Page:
Monthly Archives: September, 2016

Friday Fun Fact | Kung Fu Panda

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Kung Fu Panda took four years to make. According to VFX supervisor Markus Manninen, the computer animation used throughout the film was more complex than anything DreamWorks had done before. The first DreamWorks Animation film to be released in IMAX, Kung Fu Panda was the 3rd highest grossing film of 2008.

The film was originally going to be a spoof of the kung fu genre, but one of the directors, John Stevenson, wanted to have a blend of comedy and action to make the film more epic, saying, “I wasn’t interested in making fun of martial arts movies, because I really think they can be great films; they can be as good as any genre movie when they’re done properly.

The opening scene is an homage to Japanese anime, as both directors are big fan of the genre. They wanted to distinguish the opening dream sequence, so it was hand drawn, whereas the rest of the film (with the further exception of the animation in the end credits) was CGI.

One character that needed revisions was Tai Lung, who continually seemed too sympathetic as the villain of the story. As a result, the producers included the sequence that illustrates the story Tigress told about Tai Lung’s betrayal of his father’s principles, and his rampage after being refused the Dragon Scroll to make him sufficiently despicable to the audience. By contrast, Po was refined by Jack Black and the writers from an unpleasant obsessed fan who unsettled his heroes to an affable martial arts lore devotee, painfully self-aware of his inadequacies.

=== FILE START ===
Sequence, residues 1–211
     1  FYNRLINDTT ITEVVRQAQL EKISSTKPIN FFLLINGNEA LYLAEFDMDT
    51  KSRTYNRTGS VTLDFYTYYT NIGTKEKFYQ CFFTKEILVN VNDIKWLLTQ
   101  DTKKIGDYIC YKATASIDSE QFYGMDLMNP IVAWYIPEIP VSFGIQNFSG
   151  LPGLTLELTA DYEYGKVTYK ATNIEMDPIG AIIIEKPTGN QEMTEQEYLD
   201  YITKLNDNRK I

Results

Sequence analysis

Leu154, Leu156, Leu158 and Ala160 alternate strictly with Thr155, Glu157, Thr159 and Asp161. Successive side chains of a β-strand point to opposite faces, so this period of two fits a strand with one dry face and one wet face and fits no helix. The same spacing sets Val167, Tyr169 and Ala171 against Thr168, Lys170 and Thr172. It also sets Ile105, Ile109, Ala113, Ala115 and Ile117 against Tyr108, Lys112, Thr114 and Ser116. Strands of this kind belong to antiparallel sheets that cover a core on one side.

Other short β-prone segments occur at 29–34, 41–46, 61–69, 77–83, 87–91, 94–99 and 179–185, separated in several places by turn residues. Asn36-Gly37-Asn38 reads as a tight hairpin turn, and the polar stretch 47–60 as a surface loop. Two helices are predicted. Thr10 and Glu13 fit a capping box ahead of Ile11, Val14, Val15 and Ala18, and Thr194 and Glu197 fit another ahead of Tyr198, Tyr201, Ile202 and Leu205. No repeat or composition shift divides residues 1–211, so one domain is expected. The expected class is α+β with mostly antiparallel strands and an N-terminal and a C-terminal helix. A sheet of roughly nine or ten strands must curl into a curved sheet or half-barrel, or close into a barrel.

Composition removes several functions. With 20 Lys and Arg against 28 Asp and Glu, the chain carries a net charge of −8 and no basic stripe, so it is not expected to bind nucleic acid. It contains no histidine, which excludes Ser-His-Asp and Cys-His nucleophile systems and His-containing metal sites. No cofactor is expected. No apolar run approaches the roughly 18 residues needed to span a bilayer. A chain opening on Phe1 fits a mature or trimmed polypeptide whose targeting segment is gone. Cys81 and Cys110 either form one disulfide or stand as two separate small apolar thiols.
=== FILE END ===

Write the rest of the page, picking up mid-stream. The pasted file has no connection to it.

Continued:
The Kung Fu/Wuxia convention, where attacks on the correct nerve/Chi points can cause paralysis and other effects, is adopted, although it is not explained in the film, and the jade figurine topped sticks on the shell worn on the imprisoned Tai Lung are positioned at the traditional Chi energy points of the body. The sticks are intended to keep the villain from accessing the power from those points, which is why he was first concerned about removing them before attempting to break his chains.

Kung Fu Panda had a massive impact upon the Chinese audience when it released. To get the ambiance of the film perfect, production designer Raymond Zibach and art director Heng Tang had spent years researching Chinese art and kung fu movies. This effort, combined with the rest of the crew’s extensive research and knowledge of Chinese culture, so impressed the Chinese that there were meetings by official government cultural bodies to discuss why their own country has not produced animated films of such quality themselves.

 

 

 

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A Shot of Short | Taking Flight (Brandon Oldenburg)

Remember that time when your grandparents created a whole new world with their stories? You were transported to the magical land where anything could happen. You were the hero of the story, and it was because of your smarts and strength that you saved someone else, your city, or even your planet! What fun! What great storytelling!